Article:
Summer fare on the small screen

Body snatchers, time travel and Meryl Streep.

BrainDead  (photo credit: PR)
(photo credit: PR)
Two sci-fi thriller series are coming up this summer. On July 20 at 10 p.m. on YES VOD, BrainDead premieres. This is the series created and written by Michelle and Robert King, the married couple who gave us The Good Wife.
BrainDead, which plays like House of Cards meets Invasion of the Body Snatchers (with some satire and comedy mixed in), opens with a shot of dozens of TV sets tuned to the news, showing such figures as Donald Trump making speeches. A title reads: “In 2016, there was a growing sense that people were losing their minds and no one knew why... until now.”
The plot revolves around some black ooze that can morph into all kinds of things (those squeamish about insects should be warned that it can take the form of ants), sent from Russia to Washington, DC. It ends up in a research program at the Smithsonian, but because of a government shutdown, the research stops and it gets out and takes over bodies all over the city. Laurel Healy (Mary Elizabeth Winstead), a documentary filmmaker who, strapped for cash, takes a job with her brother, Luke (Danny Pino), a very young and handsome US senator, is the first one to figure out what’s going on, but, of course, no one believes her. Zach Grenier, who played the always entertaining David Lee on The Good Wife, is Laurel’s father.
The satire is a bit obvious, since Washington, DC, is an incredibly easy target, especially these days. While BrainDead is entertaining at times, you may find yourself wishing the King duo had written another season of The Good Wife instead.
11.22.1963, the miniseries based on the novel by Stephen King, just began running on HOT Xtra VOD. It stars James Franco as Jake, an English teacher in Maine, who gets involved in time travel to prevent the assassination of John F. Kennedy. His friend Al (Chris Cooper, one of the best character actors in the world, who won an Oscar for Adaptation), approaches Jake and shows him he has discovered a portal in the back of the diner he owns that leads back to the early 1960s – remember, this is from a Stephen King novel. Al is convinced that if the assassination of Kennedy can be prevented, it will spare the world untold suffering. And he is sure that Jake is the guy who can make this happen.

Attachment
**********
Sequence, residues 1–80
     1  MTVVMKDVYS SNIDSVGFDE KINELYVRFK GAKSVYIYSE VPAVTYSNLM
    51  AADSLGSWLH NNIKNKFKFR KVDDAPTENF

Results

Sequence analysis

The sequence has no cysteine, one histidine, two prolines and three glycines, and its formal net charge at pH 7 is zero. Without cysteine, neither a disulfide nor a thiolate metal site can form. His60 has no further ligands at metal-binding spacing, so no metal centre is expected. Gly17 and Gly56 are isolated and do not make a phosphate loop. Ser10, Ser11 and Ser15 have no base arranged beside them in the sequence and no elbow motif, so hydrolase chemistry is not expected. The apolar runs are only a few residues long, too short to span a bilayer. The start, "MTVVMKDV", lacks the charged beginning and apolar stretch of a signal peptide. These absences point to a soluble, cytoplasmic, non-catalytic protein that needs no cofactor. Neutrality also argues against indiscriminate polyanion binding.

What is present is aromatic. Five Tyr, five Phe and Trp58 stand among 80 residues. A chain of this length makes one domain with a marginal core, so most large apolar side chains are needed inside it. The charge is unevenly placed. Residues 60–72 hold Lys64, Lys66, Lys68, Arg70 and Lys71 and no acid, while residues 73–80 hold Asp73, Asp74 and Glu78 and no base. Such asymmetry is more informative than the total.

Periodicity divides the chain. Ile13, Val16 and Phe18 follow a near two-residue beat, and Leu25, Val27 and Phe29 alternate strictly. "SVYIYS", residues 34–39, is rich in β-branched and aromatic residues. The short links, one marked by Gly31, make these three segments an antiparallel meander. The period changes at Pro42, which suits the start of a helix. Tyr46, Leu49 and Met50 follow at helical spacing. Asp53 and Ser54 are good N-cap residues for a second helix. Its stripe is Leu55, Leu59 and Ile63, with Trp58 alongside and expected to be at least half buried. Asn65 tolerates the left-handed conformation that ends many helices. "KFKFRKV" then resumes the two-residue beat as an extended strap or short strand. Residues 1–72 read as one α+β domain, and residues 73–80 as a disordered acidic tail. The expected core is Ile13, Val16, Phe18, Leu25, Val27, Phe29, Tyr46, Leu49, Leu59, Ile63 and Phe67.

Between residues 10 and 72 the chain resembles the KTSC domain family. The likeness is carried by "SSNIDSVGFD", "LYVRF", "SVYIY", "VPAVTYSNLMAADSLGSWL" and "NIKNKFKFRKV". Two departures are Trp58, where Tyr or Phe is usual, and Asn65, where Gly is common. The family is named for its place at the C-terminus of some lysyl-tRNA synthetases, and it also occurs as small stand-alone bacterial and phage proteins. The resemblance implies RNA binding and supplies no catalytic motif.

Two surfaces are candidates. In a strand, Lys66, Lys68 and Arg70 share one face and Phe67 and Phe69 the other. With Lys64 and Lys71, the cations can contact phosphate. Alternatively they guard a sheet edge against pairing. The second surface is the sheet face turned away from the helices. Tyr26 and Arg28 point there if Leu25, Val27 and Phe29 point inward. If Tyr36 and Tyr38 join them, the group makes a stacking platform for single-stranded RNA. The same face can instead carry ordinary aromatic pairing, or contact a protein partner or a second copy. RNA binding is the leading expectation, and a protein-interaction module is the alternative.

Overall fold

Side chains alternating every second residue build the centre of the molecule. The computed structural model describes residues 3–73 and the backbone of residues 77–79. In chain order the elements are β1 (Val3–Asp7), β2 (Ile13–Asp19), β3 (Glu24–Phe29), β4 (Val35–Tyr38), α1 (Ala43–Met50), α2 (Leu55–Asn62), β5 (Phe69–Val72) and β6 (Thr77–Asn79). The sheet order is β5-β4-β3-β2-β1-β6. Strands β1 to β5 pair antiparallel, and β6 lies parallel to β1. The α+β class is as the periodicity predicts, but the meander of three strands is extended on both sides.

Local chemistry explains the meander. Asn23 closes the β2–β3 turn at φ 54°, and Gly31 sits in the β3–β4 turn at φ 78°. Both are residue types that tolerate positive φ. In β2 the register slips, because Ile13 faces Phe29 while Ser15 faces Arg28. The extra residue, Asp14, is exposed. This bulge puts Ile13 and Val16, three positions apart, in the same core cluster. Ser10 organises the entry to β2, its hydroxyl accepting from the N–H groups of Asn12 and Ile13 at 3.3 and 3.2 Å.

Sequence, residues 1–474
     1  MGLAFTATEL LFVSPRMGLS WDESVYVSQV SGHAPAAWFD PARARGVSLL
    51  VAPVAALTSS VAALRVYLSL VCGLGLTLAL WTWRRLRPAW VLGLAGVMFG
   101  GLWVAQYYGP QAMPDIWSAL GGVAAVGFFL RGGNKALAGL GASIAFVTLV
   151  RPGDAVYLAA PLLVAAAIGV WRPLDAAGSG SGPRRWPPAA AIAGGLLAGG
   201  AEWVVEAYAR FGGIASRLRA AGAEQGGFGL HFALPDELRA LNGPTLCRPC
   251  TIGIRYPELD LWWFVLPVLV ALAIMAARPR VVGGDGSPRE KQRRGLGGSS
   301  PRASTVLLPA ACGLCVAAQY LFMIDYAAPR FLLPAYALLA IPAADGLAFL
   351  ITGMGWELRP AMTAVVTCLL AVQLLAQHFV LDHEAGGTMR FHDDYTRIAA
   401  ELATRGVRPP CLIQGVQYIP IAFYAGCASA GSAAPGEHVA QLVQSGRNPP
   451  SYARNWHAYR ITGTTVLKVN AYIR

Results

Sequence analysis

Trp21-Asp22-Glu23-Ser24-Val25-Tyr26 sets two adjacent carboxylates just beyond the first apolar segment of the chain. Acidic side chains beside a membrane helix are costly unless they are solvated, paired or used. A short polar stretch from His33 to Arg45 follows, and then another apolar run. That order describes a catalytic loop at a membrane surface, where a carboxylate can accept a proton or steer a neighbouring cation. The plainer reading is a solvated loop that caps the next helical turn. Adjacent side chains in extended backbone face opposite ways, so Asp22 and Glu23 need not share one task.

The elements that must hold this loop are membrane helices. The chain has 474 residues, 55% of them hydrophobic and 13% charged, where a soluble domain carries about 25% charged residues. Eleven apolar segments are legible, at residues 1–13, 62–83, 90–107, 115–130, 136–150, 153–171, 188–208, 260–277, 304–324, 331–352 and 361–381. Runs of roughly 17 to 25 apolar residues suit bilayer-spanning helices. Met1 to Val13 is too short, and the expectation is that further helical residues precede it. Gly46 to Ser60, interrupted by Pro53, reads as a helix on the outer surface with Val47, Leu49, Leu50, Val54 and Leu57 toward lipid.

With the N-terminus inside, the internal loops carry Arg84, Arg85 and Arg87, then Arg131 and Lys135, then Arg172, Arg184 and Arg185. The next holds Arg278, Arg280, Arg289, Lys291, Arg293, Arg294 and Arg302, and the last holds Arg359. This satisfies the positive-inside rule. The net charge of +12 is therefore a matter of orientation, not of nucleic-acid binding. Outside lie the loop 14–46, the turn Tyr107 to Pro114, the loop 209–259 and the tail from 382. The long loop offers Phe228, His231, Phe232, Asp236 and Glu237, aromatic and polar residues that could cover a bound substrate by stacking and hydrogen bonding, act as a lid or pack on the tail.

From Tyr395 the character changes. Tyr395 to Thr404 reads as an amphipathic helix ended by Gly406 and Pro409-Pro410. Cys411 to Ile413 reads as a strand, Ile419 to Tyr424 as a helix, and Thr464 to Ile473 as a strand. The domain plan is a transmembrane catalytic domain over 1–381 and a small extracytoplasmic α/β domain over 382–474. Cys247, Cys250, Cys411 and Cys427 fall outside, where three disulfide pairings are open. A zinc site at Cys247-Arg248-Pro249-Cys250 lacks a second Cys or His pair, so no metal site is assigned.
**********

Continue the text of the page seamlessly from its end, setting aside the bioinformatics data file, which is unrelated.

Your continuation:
Reluctantly, Jake agrees to give it a try and goes back into the 1960s, where he makes a living betting on sports events, since he already knows all the winners. He meets and falls in love with a beautiful young woman, Sadie (Sarah Gadon, who also stars in the movie adaptation of Philip Roth’s Indignation, which was just shown at the Jerusalem Film Festival and which will be opening in Israel this fall). And then things get complicated.
How much you enjoy this series will depend on how much you enjoy time-travel sci-fi. Generally, I have a low tolerance for that kind of thing, but this is done very well, and it is summer.
Ricki and the Flash, a dramedy starring Meryl Streep, is premiering on HOT Gold HD on July 23 at 10:40 a.m. It’s a very enjoyable movie that should play at least as well on the small screen as it did in theaters.
Streep plays the title role, a woman who left her husband and children to pursue her dreams of rock ’n’ roll stardom years ago. While she does perform with a band at a bar regularly, she never made it big and works at the checkout counter of a Whole Foods-type of supermarket to make ends meet.
When her daughter, played by Mamie Gummer, one of Streep’s real-life actress daughters, tries to commit suicide after her marriage breaks up, Ricki’s ex-husband (Kevin Kline) asks Ricki to come home to console her. It’s predictable but entertaining and was directed by Jonathan Demme (Silence of the Lambs) and written by Diablo Cody (Juno). A bonus for older, former Top 40 fans: Rick Springfield plays Streep’s boyfriend.